The program allowed her to become involved in working with the university’s Upward Bound program, which provides assistance to Springfield High School of Commerce students in an effort to increase college enrollment rates in first-generation or low-income families. In this program, Inim assisted in developing new SAT prep workshop curriculums.

“People have the power to make an impact, and it’s vital that we continue to work collectively with communities toward social change,” she said. 

John Page, a recent UMass graduate and current membership and marketing manager at the Amherst Area Chamber of Commerce, also spoke at the event, where he said his perspective of being a former student leader at the school regularly informs the work he does at the chamber.

He noted the economic benefit UMass gave to the state, saying that the chamber works to “amplify the university’s positive influence” through various partnerships, educational series and workshops.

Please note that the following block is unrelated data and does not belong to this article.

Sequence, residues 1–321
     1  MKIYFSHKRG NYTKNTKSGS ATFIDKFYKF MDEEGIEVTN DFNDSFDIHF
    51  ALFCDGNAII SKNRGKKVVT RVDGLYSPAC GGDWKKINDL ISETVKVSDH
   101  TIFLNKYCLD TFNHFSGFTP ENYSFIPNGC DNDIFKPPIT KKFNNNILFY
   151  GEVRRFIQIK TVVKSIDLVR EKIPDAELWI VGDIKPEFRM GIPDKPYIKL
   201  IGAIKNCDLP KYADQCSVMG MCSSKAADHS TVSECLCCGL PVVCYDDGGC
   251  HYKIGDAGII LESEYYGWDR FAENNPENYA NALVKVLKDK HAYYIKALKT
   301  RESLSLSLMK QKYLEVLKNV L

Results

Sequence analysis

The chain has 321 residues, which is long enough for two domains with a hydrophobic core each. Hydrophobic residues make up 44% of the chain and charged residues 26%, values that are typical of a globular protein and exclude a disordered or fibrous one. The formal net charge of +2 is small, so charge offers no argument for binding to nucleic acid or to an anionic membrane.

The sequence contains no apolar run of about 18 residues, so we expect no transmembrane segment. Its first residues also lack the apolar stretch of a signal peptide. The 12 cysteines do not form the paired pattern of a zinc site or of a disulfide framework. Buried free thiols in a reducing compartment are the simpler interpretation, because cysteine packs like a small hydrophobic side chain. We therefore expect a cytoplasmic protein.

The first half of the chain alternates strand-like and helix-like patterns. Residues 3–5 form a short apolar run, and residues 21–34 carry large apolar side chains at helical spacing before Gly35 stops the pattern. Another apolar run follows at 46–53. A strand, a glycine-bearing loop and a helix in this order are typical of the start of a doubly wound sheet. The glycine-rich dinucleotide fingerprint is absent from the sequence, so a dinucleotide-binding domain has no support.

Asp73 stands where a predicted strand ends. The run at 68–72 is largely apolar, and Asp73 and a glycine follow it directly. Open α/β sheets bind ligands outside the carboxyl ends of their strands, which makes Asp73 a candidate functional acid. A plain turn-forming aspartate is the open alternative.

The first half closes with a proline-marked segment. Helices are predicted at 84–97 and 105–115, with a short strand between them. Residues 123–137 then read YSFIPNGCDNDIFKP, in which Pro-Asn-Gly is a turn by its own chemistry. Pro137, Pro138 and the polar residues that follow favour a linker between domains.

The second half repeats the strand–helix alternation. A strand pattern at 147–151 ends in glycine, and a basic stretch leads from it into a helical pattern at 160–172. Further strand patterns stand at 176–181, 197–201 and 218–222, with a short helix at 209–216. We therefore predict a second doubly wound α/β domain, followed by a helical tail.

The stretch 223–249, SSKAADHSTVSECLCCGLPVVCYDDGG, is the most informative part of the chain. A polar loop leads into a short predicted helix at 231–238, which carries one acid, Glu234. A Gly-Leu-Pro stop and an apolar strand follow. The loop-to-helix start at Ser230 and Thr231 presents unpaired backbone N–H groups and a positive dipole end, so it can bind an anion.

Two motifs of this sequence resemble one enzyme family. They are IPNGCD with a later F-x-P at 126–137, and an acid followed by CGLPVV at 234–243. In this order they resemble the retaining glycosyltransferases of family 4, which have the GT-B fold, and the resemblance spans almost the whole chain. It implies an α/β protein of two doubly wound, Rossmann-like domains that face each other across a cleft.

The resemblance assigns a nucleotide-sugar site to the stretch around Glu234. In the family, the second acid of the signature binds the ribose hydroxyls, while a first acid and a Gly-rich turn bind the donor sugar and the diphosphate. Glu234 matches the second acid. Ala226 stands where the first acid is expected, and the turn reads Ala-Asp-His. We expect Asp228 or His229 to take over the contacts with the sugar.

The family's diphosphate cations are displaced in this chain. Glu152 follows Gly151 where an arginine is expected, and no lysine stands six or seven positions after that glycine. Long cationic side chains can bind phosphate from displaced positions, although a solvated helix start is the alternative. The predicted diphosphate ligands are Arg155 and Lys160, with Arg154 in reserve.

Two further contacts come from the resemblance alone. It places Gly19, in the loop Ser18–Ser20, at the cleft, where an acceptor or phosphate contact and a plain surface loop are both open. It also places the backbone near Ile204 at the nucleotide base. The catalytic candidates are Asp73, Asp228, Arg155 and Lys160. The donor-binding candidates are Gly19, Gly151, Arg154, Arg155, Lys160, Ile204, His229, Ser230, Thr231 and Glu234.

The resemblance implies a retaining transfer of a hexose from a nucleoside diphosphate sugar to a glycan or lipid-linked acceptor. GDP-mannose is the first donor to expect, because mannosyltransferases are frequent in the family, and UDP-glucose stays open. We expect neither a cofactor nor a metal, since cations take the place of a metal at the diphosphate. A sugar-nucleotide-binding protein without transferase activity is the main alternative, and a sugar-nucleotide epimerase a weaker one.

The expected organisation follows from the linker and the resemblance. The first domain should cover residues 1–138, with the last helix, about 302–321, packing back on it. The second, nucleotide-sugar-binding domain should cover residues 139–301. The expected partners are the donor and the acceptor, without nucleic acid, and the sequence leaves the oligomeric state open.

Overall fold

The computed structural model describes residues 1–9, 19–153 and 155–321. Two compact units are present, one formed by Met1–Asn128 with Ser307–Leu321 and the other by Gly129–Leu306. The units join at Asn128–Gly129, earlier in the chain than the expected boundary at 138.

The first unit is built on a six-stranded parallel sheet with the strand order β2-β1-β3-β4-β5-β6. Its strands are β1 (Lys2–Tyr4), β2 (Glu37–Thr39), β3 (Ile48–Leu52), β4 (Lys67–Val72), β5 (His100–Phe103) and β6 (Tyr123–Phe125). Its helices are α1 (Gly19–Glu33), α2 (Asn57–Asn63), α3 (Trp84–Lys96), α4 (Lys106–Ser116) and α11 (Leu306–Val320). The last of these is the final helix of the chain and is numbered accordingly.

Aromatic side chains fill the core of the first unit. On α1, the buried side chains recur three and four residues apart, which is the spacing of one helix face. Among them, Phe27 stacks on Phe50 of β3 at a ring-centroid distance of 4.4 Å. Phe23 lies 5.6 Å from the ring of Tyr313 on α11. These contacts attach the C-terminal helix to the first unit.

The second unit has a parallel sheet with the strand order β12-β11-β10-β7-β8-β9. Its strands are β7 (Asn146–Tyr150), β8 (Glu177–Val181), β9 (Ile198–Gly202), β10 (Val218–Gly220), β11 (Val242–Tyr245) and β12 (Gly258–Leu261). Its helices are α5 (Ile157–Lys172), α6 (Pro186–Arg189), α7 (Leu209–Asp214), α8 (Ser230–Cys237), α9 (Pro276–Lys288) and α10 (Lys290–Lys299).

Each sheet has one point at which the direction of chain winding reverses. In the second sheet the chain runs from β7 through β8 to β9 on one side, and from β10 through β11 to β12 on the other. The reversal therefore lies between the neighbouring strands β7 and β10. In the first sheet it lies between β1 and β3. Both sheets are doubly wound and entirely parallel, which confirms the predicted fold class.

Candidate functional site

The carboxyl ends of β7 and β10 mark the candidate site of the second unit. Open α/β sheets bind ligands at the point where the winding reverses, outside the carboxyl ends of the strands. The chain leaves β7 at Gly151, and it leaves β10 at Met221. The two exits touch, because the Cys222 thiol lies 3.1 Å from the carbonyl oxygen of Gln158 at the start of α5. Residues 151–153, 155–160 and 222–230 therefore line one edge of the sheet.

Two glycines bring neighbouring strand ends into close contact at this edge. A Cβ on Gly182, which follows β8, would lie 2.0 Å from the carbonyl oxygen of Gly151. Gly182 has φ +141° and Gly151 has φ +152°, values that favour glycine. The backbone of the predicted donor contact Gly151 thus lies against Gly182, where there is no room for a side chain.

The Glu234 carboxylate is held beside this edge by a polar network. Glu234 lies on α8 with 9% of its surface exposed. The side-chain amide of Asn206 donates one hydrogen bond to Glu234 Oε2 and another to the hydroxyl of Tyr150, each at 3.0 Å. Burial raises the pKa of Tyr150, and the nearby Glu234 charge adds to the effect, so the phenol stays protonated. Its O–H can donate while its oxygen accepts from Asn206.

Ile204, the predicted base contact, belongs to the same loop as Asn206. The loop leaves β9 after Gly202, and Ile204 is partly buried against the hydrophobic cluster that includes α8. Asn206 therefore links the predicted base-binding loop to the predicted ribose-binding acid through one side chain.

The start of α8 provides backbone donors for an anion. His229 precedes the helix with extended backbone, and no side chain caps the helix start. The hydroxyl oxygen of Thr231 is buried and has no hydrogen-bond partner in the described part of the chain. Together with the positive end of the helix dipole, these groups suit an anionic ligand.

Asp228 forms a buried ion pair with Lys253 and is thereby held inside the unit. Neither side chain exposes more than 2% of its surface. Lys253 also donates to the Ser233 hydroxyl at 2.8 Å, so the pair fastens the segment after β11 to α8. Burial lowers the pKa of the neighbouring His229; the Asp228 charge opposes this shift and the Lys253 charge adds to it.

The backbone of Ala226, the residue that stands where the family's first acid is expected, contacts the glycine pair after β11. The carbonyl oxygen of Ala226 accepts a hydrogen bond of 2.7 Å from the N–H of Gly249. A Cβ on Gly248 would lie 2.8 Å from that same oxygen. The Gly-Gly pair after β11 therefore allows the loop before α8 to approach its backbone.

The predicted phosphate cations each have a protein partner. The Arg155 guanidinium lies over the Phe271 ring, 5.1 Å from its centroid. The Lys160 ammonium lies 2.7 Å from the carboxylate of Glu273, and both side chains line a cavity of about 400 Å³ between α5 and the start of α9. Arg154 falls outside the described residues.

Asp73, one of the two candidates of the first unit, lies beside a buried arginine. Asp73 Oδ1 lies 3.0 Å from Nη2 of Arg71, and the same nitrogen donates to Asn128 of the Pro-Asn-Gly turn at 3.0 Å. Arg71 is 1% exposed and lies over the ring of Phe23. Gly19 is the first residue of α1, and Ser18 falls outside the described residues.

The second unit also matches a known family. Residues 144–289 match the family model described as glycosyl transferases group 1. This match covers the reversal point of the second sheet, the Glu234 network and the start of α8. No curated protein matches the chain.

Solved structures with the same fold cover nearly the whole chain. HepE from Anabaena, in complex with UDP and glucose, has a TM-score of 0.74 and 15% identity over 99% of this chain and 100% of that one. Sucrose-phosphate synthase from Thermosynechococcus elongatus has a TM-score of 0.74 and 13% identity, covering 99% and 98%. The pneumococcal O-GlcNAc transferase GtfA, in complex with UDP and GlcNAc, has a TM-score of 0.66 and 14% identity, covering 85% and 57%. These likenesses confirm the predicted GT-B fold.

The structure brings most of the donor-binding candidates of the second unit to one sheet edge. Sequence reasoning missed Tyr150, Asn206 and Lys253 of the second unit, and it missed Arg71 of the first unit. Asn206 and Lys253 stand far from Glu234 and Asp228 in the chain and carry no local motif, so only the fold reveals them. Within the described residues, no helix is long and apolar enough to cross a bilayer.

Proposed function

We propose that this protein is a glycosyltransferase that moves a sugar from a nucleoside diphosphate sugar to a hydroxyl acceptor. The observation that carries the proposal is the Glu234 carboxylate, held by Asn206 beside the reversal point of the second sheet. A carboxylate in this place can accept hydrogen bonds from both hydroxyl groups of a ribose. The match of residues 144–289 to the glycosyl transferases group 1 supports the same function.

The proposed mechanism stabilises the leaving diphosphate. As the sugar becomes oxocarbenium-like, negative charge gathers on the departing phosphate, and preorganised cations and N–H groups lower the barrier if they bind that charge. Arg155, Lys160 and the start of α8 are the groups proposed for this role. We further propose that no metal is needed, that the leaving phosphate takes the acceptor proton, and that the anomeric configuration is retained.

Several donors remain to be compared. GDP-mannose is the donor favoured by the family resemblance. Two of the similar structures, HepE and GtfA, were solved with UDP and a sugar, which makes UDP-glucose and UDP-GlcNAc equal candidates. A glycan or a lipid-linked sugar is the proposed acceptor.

In fiscal year 2015, the university employed about 5,400 full-time faculty and staff and generated over $2 billion in economic impact for the state, according to a report by the UMass Donahue Institute.

“Together we build each other up, and together we’re better for it,” Page said. 

But UMass and the town have more work to do, he said, noting that local issues including housing, food security and employment still need to be discussed. In response, the chamber is hosting a number of events on these topics to foster more informed conversations. 

“To fully address the critical issues facing our community, we need every one of us at the table,” Page said. “That’s why we’re here today.”

Michael Connors can be reached at mconnors@gazettenet.com.